a = b = 1 just syntactic sugar?
mcherm at mcherm.com
Thu Jun 5 20:51:03 CEST 2003
Ed Avis writes:
> It seems a bit perverse that setattr is allowed in lambda expressions
> but assignment is not; that you can call setdefault to update a
> dictionary, but not simply set the dictionary's elements; that you can
> do sys.stdout.write but not print; that you can call a function which
> asserts but not call assert.
> If lambda accepted statements as well as expressions - or if a
> statement could be used as an expression, as in C - then these warts
> would not arise.
True, but as usual, there's a reason for it. Lambda was intended for
one purpose and one purpose only... to permit simple anonymous functions
to be used in places where the succinctness makes it more readable than
using def to make a named function. Such places are rare except when
using functional style programming, where they are quite common. But
in functional style programming you (nearly always) do NOT want
expressions to have side effects.
So lambda is defined to allow only expressions, and is *intended* for
simple, side-effect-free functions. While there's nothing *preventing*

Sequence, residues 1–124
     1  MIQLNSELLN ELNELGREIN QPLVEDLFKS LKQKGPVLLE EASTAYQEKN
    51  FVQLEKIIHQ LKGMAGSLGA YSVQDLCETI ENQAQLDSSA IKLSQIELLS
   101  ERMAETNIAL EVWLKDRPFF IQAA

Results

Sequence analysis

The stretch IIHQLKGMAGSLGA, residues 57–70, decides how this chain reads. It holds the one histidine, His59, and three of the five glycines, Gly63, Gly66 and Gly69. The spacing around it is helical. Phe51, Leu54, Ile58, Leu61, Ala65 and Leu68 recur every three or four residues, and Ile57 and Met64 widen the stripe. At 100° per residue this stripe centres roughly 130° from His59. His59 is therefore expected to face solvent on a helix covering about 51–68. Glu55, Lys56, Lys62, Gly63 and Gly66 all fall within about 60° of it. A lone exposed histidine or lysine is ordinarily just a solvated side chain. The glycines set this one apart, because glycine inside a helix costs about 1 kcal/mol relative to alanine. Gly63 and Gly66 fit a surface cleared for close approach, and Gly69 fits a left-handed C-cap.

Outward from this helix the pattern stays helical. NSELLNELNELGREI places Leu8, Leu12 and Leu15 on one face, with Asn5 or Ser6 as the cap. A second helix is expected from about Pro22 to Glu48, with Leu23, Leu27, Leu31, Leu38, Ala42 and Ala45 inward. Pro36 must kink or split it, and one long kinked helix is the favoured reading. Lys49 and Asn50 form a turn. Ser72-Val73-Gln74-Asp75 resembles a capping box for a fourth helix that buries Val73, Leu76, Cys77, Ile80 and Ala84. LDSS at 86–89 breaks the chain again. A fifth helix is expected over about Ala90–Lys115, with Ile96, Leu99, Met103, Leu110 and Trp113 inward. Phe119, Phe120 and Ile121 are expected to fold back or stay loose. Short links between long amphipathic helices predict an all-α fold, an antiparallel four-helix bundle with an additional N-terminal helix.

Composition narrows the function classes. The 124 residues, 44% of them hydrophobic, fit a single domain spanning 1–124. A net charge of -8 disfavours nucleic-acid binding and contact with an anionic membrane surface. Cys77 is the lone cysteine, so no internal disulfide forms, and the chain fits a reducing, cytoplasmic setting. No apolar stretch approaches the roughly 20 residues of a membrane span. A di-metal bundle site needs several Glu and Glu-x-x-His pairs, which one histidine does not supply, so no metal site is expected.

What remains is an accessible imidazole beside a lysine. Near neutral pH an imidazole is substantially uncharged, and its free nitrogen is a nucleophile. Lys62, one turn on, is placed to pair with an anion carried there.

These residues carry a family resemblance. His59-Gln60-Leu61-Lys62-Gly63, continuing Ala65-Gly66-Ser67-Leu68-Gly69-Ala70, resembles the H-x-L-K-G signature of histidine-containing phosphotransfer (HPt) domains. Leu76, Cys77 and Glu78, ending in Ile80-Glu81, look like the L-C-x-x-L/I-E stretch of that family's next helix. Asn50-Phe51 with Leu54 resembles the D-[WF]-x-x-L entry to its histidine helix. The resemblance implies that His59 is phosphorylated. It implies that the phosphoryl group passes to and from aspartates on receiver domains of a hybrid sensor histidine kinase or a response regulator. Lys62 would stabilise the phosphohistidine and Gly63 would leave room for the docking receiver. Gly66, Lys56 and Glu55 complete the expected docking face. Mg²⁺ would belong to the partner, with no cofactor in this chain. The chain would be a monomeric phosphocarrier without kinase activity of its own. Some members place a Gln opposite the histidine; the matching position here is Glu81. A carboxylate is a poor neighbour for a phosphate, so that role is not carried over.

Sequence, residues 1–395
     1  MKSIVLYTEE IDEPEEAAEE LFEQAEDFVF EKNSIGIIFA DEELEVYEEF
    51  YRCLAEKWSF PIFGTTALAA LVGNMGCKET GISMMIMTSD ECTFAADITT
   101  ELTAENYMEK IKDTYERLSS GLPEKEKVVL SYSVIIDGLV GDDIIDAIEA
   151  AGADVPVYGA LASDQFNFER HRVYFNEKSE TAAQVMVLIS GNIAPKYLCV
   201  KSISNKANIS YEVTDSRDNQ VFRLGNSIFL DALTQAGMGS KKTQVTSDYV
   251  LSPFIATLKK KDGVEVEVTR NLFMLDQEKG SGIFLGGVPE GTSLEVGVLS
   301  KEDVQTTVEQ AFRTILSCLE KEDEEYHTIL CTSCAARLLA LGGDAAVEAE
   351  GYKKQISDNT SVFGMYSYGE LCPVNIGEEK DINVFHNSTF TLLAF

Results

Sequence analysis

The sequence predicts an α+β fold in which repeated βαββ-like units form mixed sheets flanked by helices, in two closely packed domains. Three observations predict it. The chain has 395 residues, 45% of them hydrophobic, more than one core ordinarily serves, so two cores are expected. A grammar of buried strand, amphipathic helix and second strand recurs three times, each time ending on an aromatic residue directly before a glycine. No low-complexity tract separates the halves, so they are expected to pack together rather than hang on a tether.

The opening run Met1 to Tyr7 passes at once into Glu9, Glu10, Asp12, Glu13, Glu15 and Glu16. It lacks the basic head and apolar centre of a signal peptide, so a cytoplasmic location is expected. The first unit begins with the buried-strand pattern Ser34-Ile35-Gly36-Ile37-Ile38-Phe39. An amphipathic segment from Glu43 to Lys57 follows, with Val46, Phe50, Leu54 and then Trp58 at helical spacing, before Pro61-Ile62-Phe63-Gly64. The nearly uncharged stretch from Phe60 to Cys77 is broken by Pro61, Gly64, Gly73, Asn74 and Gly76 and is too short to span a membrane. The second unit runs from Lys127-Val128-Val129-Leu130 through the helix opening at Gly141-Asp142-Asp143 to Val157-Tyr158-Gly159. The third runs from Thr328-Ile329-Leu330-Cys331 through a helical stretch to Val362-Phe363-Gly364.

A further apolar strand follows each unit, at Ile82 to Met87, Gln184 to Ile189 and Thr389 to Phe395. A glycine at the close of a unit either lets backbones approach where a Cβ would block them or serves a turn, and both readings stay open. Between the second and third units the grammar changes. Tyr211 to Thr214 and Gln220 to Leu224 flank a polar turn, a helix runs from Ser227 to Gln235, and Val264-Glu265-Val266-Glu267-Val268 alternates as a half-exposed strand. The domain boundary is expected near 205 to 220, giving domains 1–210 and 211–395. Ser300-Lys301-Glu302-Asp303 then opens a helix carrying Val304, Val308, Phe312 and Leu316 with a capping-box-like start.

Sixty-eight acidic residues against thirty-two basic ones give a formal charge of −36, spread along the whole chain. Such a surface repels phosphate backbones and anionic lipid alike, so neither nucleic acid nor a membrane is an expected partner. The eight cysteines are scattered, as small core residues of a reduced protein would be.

you from calling a function with side effects, the prohibition on
using statements tends to discourage it. Good style is encouraged,
but you can violate the rules if you really want to (and know what
you're doing). If you want more, use def, and give it a name.
 This is only my own opinion of how and why Lamda works the way it
does. In particular, Guido would disagree. He would say that lambda
was included to satisfy the requests from lisp refugees, and that
if he had it to do over he wouldn't just choose a better keyword,
he'd prohibit the whole thing and require def everywhere. On this
point I respectfully disagree with him... I find lambda to be quite
nice, but ONLY when used for very small side-effect-free functions.
And if I had a complaint, it wouldn't be about the (rarely needed
and easily worked-around) prohibition on assignment statements,
but about the (frequently needed and impossible to work around) lack
of a conditional expression.
-- Michael Chermside
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